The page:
Tullow Oil is now hoping the government will make a timely decision on the Turkana oil project, even as it pushes to secure a strategic partner by end of this year.
This, amid concerns that delays in approval of its Field Development Plan (FDP) by the government could impact a final investment decision.
The ministry is expected to make a decision on the FDP by the end of this month, according to earlier indications by Energy Cabinet Secretary Davies Chirchir, which will then be subjected to approvals by Cabinet and Parliament.
This will conclude if Kenya is interested in pursuing or dropping the Turkana oil project.
If the project continues, then the government will have to give its input on how Kenya’s crude will be handled by the investors.
This includes the planned construction of the 852 km Lokichar-Lamu pipeline for transporting crude oil from Turkana to Lamu port, for export.
“Tullow remains exposed to erosion of its balance sheet and revenues due to oil price volatility, unexpected operational incidents, cost inflation and failure to deliver targeted farm downs of exploration assets and Kenya,” the firm said in its recent annual reports.
A revised FDP was submitted to the government in March for approval, in line with the licence extension conditions, amid continued engagements to ensure timely approvals.
The FDP is based on a life of field resource of 585 million barrels gross, initial plateau production of 120,000 barrels of oil per day and capital investment of $3.4 billion (Sh491.5billion) to first oil.
The FDP approval process, including ratification by parliament, is expected to conclude later this year.
“Kenya continues to remain an important asset in Tullow’s development portfolio, with the potential to add material resources and create value for shareholders,” CEO Rahul Dhir said.
Meanwhile, Tullow is pushing to bring strategic partners on board which will unlock more capital for commercialising the Kenyan oil project.
Tullow assets in Kenya covers blocks 10BB, 13T, and 10BA in the South Lokichar Basin and is operated by Tullow Kenya BV.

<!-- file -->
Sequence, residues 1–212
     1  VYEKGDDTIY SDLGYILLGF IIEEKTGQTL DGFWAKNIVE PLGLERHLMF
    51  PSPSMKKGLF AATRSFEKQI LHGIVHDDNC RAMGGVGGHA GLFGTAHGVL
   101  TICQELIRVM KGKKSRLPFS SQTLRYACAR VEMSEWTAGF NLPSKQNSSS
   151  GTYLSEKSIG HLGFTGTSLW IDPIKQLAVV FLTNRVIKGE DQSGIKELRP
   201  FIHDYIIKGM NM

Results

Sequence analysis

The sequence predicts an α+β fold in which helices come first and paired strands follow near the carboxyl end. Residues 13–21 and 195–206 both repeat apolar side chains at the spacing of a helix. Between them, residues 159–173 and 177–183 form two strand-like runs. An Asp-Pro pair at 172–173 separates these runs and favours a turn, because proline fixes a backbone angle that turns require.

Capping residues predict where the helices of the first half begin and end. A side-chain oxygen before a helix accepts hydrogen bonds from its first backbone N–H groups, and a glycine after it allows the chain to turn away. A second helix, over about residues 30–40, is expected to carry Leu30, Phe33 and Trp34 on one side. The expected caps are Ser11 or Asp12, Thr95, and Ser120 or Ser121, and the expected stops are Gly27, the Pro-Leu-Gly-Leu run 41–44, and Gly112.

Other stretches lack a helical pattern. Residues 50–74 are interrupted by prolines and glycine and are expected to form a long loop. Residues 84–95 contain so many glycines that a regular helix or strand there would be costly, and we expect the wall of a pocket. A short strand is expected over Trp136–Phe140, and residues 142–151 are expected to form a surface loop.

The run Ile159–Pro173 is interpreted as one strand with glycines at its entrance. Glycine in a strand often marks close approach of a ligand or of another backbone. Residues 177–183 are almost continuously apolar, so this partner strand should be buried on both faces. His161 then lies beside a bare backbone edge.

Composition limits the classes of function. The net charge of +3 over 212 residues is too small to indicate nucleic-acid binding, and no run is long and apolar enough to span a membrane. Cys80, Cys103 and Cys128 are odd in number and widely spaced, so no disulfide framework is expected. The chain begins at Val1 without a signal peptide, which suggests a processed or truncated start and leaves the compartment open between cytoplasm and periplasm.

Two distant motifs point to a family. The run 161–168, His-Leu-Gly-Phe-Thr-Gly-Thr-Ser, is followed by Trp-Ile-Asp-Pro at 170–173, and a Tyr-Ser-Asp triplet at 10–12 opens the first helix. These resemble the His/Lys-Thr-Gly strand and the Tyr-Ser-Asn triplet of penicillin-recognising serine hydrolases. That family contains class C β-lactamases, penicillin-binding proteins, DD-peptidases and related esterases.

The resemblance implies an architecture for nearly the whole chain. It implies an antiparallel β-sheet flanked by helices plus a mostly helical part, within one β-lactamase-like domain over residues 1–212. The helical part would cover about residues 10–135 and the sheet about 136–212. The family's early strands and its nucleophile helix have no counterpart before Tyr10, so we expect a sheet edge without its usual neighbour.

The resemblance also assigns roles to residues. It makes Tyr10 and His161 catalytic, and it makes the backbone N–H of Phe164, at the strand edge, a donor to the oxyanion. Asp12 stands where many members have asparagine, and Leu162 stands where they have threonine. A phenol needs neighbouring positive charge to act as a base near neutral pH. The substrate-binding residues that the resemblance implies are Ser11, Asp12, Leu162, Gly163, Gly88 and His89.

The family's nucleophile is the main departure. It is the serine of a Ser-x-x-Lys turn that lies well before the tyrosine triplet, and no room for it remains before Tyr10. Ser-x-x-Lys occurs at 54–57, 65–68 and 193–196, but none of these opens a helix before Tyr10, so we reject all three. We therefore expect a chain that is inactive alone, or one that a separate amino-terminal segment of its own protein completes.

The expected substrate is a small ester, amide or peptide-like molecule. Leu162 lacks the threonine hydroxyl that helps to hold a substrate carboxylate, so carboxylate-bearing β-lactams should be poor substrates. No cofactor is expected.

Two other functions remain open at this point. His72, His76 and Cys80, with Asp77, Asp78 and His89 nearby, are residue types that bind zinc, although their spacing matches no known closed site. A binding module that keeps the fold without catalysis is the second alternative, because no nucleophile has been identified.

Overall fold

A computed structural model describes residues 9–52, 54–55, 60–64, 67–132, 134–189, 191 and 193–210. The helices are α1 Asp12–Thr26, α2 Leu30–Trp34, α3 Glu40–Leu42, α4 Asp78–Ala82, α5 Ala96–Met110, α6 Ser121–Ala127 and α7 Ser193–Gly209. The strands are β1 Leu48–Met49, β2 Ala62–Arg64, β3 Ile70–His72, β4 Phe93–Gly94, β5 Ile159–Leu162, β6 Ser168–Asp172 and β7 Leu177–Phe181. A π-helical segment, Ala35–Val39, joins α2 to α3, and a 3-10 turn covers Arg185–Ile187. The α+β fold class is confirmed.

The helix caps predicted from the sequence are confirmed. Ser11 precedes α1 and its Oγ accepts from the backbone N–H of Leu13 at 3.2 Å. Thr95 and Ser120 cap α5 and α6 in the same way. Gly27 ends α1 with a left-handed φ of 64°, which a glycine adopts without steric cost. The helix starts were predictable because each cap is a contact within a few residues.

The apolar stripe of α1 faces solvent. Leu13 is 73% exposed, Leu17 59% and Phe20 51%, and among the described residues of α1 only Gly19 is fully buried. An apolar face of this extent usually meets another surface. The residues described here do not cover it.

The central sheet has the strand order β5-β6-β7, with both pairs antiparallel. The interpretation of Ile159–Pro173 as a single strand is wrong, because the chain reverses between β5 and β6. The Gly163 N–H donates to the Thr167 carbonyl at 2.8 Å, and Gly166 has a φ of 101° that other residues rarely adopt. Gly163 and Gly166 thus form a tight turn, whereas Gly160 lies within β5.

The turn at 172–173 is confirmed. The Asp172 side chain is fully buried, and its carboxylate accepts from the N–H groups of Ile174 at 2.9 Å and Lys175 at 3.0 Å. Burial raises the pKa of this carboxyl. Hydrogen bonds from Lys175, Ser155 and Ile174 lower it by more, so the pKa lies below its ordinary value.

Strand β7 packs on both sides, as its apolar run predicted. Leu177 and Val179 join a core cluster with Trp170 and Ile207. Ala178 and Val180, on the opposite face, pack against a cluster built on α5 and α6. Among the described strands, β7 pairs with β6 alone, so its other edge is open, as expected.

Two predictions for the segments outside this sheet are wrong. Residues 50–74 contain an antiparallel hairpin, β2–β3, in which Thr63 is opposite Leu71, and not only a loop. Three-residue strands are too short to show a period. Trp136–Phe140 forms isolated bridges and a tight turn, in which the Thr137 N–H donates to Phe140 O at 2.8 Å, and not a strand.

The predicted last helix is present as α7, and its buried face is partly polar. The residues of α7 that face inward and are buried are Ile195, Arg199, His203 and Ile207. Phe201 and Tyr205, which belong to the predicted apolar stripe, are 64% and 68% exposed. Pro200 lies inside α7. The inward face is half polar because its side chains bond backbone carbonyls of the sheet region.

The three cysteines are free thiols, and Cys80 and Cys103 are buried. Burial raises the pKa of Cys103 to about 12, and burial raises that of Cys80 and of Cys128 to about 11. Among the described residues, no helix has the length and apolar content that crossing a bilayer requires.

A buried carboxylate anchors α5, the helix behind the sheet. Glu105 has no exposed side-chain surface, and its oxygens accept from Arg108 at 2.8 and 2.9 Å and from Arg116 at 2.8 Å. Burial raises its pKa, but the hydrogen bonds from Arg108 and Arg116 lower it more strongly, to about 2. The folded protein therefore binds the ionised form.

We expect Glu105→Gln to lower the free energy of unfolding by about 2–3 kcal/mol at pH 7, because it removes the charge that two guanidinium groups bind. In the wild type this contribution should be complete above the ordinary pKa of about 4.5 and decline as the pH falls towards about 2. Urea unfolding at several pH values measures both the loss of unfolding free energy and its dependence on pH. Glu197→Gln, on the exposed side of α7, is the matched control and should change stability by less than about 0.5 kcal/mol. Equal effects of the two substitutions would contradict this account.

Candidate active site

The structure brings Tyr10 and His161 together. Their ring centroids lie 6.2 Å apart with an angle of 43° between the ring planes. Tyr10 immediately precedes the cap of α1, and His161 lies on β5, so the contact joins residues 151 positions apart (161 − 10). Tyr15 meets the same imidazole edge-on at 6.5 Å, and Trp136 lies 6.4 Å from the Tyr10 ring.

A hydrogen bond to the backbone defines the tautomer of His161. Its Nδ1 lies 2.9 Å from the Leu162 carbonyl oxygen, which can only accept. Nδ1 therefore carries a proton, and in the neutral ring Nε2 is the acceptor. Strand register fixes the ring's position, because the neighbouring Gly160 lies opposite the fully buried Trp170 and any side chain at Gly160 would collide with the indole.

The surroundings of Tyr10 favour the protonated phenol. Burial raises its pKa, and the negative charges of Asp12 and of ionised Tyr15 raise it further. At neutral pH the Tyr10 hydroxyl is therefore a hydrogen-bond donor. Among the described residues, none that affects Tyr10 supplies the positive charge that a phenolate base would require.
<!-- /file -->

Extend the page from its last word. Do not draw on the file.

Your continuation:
This follows the exit of joint venture partners–Africa Oil Corp and Total Energies in May this year, a move said to have given Tullow flexibility in negotiations with strategic partners.
Tullow has since described the recent withdrawal of the Kenya Joint Venture Partners, as “ due to differing internal strategic reasons.
It left Tullow with no option but to assume a 100 per cent equity position.
Indian Oil Company–ONGC Videsh Limited (OVL) is among those reported to be interested in taking up a stake in the British firm’s Kenyan assets.
ONGC Videsh is reported to be seeking clarity before making an investment decision.
“Several interest parties including India’s ONGC Videsh Limited have expressed their interest in coming on board as a strategic partner in the development of our Kenyan asset,” Tullow Kenya BV managing director Madhan Srinivasan, told the Star.
All prospective strategic partners remain engaged and detailed farm-out discussions continue with a number of companies.
“Whilst the process has taken longer than expected, Tullow remains focused on securing a strategic partnership this year, ” he said.
Failure to secure a strategic partner would however impact on its ability to progress the Kenya project to final investment decision and unlock value, the firm’s leadership noted.
The government has however remained supportive of the project, giving hope on the future of Kenyan becoming a net crude oil exporter.
According to CS Chirchir, the government is in talks with Chinese and Indian investors to put capital in the project, as it reviews the final investment.
He said Kenya would continue to back Tullow’s push for commercial oil production in Turkana, despite the timelines shift to beyond 2027.
Taking full control creates more optionality, gives Tullow more flexibility in the ongoing process to secure strategic partners, creates a simpler Joint Venture Partnership, and streamlines project delivery, according to Dhir.
National Treasury has also in recent times called on industry players, led by the Petroleum Institute of East Africa (PIEA), to formulate modalities of partnering with the Kenya Kwanza Administration to invest in the oil pipeline.
This is through a Public Private Partnership initiative.
“I envision the government having minority shares to facilitate private-sector-led administration and management of this project to benefit from the efficiencies provided by the private sector. This will have benefits for the region and lower costs,”Ndungú said at a PIEA vent in Nairobi.
The institute is the professional body for the oil and gas industry in the region.
Ndungú called on PIEA to forward incentives it requires to mobilise Foreign Direct Investments in upstream activities to exploit the existing oil and gas reserves within the country and tap into their immense benefits once exploited.
This even as the country builds up investments in renewable energy.